How to avoid a pension scam
A pension scam – when someone tries to con you out of your pension money – will often start by someone contacting you unexpectedly about:
- an investment or other business opportunity that you’ve not spoken to them about before
- taking your pension money before you’re 55
- the ways that you can invest your pension money
If someone contacts you unexpectedly and says they can help you access your pot before the age of 55 it’s likely to be a scam.
You may be offered a tempting way to invest your pension pot, eg investing it in a new hotel being built in an exotic location. Most of these offers are fake but can appear very convincing. Their aim is to get you to cash in your pension pot and transfer the money.
Once you’ve transferred your money into a scam, it’s too late. You could lose all your pension money as well as face tax of up to 55% or huge additional fees.
How to tell if it’s a scam
Watch out if an individual or company:
- contacts you unexpectedly (known as a ‘cold call’) about your pension money by phone, text message, visiting you in person, or in other ways
- says you can access your pension money before 55 and that they can help you with this
- encourages you to take out a large lump sum, or your whole pension pot in one go, and to let them invest it for you
- asks you to transfer your money quickly, even sending documents to you by courier - never make a rush decision about your pension money
- uses words like ‘pension liberation’, ‘loan’, ‘loophole’, ‘free pension review’ or ‘one-off investment’
- offers you an investment described as ‘unique’, ‘overseas’, ‘environmentally friendly’, ‘ethical’ or in a ‘new’ industry
Read examples of real pension scams. (PDF, 1MB, 5 pages)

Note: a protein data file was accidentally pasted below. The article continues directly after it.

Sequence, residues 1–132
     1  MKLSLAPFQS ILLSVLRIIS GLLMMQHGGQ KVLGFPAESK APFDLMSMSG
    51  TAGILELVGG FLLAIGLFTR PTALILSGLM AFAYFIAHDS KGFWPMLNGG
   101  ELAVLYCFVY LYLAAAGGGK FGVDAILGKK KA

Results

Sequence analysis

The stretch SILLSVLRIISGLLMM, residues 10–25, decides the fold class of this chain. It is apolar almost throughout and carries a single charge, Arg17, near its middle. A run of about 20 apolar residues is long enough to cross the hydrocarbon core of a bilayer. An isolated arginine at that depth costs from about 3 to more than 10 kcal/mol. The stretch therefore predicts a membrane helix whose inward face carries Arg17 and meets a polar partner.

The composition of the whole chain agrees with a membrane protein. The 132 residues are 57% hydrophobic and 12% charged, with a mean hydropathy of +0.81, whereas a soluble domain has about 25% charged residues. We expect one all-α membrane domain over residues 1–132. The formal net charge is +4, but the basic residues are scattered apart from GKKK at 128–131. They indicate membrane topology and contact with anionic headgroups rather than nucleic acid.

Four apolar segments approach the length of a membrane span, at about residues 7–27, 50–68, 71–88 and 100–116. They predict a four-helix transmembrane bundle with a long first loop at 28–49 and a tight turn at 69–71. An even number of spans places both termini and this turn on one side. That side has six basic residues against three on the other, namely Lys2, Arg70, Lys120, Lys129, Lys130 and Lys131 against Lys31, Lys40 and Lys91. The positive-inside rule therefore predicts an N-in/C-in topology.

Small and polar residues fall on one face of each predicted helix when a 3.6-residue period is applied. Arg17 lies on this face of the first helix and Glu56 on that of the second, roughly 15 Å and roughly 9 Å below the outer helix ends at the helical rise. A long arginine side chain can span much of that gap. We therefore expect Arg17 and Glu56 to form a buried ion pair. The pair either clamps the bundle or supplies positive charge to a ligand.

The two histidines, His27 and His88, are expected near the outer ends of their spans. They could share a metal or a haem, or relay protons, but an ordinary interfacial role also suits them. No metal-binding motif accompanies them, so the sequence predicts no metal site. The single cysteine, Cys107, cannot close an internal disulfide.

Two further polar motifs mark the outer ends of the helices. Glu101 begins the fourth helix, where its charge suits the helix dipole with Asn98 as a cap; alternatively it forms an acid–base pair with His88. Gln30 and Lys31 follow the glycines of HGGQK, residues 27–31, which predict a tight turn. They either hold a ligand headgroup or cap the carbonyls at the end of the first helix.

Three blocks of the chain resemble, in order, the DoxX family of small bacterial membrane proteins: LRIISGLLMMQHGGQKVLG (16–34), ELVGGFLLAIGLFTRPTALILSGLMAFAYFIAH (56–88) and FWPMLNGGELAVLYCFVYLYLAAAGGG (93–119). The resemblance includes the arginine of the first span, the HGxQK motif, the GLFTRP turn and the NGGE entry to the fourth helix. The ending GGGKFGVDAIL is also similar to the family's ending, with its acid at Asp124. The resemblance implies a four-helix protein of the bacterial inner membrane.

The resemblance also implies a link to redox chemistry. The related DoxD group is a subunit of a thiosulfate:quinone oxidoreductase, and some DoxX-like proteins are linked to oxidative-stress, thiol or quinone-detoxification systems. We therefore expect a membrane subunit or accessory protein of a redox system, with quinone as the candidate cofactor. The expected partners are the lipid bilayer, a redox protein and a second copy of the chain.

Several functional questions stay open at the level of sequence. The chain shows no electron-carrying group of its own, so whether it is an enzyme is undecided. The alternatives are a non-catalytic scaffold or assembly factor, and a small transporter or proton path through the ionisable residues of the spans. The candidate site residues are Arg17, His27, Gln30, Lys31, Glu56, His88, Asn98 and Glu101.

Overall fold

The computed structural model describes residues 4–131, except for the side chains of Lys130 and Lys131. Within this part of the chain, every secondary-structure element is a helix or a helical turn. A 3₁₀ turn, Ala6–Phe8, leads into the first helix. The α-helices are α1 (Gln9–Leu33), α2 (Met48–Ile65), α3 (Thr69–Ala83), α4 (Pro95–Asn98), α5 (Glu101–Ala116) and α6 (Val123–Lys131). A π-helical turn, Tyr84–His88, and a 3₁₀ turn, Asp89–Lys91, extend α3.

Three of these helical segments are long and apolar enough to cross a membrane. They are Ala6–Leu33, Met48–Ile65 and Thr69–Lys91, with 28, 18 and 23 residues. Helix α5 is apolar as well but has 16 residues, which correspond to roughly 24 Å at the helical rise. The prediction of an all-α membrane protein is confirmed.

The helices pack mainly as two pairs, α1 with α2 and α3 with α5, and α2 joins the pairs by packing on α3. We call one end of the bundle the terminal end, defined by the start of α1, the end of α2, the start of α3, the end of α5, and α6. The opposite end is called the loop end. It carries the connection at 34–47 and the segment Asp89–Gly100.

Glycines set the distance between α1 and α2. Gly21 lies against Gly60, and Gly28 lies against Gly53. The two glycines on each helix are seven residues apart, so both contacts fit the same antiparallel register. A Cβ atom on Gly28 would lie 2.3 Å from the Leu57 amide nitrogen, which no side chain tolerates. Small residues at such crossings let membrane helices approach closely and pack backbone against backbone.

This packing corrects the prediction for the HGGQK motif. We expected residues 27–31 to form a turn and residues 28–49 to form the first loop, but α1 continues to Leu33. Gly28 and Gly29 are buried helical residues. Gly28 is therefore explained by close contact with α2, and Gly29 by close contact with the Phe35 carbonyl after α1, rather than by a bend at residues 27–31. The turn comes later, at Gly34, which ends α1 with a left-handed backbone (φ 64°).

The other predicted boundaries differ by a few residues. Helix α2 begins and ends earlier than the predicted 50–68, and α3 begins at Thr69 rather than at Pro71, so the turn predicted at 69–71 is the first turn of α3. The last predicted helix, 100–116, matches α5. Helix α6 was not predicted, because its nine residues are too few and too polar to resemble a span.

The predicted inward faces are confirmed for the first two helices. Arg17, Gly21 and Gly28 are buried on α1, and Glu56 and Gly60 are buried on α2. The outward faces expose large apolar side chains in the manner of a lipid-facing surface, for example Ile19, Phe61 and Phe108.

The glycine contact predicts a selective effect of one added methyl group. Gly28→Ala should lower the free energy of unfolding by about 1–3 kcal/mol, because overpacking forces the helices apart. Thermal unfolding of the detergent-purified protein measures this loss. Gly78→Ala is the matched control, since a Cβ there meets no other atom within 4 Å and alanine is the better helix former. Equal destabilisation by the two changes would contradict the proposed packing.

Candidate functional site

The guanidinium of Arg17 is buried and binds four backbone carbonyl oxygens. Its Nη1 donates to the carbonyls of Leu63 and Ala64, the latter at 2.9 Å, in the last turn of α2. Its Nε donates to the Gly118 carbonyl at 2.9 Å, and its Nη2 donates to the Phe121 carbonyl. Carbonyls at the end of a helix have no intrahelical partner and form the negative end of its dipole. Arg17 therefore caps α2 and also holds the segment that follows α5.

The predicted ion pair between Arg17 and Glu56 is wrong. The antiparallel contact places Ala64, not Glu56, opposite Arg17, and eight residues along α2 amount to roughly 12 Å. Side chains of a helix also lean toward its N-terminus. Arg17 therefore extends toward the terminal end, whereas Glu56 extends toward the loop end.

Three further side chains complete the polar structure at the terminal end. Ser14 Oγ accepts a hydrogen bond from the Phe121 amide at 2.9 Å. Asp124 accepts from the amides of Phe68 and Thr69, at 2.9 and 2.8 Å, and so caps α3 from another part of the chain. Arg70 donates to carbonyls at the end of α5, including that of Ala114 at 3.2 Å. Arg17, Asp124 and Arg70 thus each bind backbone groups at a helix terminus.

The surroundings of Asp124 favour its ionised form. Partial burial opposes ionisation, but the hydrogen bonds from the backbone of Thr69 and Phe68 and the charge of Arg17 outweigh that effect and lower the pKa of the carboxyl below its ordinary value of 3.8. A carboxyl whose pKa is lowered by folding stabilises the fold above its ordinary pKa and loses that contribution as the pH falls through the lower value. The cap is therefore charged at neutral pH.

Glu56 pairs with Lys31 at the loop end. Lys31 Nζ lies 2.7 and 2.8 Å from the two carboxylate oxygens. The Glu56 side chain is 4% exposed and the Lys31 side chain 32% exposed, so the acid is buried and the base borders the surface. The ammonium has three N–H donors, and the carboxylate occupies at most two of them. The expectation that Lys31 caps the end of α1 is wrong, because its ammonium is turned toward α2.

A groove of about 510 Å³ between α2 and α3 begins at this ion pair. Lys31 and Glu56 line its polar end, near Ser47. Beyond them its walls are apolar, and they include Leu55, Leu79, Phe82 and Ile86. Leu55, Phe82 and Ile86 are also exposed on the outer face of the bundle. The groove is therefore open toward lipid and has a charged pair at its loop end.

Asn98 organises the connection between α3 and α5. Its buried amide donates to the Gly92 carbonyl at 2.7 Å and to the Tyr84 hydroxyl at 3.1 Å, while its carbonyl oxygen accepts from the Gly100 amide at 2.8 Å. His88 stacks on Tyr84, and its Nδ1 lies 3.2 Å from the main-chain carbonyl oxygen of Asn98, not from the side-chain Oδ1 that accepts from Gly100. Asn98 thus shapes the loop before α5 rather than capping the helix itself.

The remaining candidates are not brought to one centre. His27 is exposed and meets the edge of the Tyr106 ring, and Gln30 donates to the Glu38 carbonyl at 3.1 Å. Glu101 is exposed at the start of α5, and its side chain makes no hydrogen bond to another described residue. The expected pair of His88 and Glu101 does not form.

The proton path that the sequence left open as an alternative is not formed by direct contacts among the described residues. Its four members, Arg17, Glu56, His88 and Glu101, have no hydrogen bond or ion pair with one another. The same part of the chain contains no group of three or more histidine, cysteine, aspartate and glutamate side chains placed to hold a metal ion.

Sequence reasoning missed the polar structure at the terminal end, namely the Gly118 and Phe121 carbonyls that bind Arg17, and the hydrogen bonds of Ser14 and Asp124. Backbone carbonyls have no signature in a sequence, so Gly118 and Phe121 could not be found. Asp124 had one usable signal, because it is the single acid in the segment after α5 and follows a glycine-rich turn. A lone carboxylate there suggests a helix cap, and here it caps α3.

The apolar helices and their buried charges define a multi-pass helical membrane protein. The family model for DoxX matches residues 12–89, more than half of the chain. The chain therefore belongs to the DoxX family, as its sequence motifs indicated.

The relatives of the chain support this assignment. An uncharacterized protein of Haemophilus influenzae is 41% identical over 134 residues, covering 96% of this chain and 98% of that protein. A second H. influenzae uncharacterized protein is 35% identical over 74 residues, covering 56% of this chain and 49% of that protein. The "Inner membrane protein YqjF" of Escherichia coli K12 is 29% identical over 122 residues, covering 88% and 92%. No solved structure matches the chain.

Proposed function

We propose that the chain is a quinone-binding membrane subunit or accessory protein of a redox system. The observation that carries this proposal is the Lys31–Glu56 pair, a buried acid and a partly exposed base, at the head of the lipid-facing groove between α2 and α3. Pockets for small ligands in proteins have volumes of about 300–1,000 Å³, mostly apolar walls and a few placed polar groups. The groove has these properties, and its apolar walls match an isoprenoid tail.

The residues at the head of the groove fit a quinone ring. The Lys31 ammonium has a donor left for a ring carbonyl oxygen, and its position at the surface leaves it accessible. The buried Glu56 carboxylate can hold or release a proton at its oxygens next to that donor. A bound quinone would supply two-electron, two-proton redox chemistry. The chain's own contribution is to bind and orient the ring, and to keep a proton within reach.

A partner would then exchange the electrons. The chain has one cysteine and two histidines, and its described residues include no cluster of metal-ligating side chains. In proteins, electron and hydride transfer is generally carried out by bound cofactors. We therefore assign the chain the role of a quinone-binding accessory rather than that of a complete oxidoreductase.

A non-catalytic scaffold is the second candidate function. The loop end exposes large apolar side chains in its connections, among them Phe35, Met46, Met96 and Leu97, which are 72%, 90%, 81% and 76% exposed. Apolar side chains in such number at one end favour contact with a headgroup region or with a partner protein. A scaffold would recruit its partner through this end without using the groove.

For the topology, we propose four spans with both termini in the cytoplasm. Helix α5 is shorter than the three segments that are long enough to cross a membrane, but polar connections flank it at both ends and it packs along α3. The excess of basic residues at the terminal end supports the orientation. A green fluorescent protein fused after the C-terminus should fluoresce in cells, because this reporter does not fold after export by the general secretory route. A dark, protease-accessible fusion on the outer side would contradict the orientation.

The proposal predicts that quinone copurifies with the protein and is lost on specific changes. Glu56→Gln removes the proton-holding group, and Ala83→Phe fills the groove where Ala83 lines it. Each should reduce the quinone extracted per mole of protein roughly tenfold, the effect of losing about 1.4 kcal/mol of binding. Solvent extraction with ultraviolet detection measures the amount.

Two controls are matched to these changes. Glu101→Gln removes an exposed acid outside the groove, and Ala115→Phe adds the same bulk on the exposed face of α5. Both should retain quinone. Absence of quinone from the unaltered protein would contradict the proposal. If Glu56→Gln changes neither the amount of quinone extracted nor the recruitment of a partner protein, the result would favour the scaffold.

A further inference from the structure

Beware of copycat websites – some websites can look like they’re official government services like Pension Wise when they’re not.
Bank details scam
Always phone your provider if you receive an email saying that they’ve changed their bank details and want you to make payments into a new account – this is almost always a scam.
How to protect yourself
Check if the person or company contacting you is on the Financial Services Register or call the Financial Conduct Authority on 0800 111 6768. If you call the person or company back, use the phone number listed on the Financial Services Register.
You may be approached by someone claiming to be a pension provider, a financial adviser or from the government.
If anyone cold calls you claiming to be from the government and asks for your personal or financial details, don’t reveal them. Hang up if you need to.
Read more about avoiding and reporting internet scams and phishing.
If you’ve been targeted
If you think you’ve been the victim of a pension scam, call Action Fraud on 0300 123 2040 or use their online reporting tool.
Speak to The Pensions Advisory Service if you’ve been unexpectedly contacted by someone about your pension.
The Pensions Advisory Service
Telephone: 0300 123 1047
Monday to Friday, 9am to 5pm
Find out about call charges